"Leadership classes build a network of leaders who have learned about that their community together," said Director of Economic Development for UWA, Allison Brantley. "That shared experience helps them understand the experiences that each bring to the table when helping to solve the challenges that occur in any community."

Leadership Sumter participants will explore economic and workforce development at their next session on Feb. 20.
 
For more information on Leadership Sumter, contact Allison Brantley at  abrantley@uwa.edu or call (205) 652-3618.


Leadership Sumter participants tour Prystup Packaging Products, Inc. in Livingston.

Workforce Development
UWA CNA students tour DCH... 

Career Pathways for Youth Certified Nursing Assistant Program students visited DCH Hospital in Tuscaloosa on Monday, Feb. 3, with program d irector Jordan Mahaffey. The class learned about opportunities for Patient Care Assistants at the facility.  Pictured (l to r) are Shea Etheridge (Instructor), Franequa Porter, Jaur'Niyah Drish, Kenyetta Harris, Rodnesha Gulley, Brea Palmer, and Mary Alice Moore.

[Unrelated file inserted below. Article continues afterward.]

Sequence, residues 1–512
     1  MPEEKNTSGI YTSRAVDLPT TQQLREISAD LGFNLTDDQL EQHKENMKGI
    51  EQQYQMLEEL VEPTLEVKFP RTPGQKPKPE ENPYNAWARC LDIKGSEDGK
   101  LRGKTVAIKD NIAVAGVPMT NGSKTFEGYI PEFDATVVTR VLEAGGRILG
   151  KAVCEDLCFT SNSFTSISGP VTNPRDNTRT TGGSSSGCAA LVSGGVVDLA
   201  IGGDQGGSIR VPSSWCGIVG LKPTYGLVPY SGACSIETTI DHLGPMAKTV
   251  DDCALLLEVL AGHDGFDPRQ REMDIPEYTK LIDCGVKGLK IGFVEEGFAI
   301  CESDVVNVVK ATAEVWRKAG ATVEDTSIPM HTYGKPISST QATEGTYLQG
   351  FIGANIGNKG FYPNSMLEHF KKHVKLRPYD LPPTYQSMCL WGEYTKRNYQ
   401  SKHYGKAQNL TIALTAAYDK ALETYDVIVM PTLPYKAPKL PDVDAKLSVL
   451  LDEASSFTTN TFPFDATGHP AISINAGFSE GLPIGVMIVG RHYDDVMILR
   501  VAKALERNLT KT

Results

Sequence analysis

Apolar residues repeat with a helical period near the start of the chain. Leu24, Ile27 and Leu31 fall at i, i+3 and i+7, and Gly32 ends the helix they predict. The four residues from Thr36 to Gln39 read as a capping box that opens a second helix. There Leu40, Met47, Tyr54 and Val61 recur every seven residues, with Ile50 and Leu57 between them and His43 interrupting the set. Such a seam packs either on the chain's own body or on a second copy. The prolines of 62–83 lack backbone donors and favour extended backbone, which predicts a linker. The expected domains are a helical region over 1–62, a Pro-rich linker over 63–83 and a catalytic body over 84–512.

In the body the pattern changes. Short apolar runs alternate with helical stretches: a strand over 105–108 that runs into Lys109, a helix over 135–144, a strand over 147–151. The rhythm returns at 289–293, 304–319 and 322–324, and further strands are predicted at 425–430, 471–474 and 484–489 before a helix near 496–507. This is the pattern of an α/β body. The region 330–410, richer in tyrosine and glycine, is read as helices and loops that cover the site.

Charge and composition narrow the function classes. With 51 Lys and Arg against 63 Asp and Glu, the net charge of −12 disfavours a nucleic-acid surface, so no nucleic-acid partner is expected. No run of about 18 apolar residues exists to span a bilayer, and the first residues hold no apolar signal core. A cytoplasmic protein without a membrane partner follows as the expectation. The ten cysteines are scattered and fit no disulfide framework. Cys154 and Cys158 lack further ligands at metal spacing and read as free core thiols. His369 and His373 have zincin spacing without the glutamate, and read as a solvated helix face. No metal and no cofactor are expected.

For CNA program information, click here.
For automative technician information, click here

Community Outreach
Alabama Department of Archives and History hosts Certified Interpretive Guide workshop with Black Belt Museum


Black Belt Museum  educator, Brian Mast, spent a week in January in Montgomery facilitating a certified interpretive guide through the National Association for Interpretation.  The goal of th e  training is to harness the abilities of each individual to become the best educator possible for their institution .  Mast conducts this training  is done across the nation for organizations such as the National Park Service, Monterey Bay Aquarium, Colonial Williamsburg, Birmingham Zoo and at UWA.   Students who participated in the class were from ADAH and the Selma to Montgomery National Historic Trail. 

The Certified Interpretive Guide program is designed for anyone who delivers or would like to present interpretive programs to the public.  Students who are pursuing degrees in Park and Recreation Management, History, Education, Archaeology,Biology and Communications benefit from learning how to take technical information then present it to any audience.  The training combines both the theoretical foundations of the profession with practical skills in delivering quality interpretive programming to visitors.  Course materials are covered over a 4-day period of classwork, lectures, interactive activities, and application of learned principles.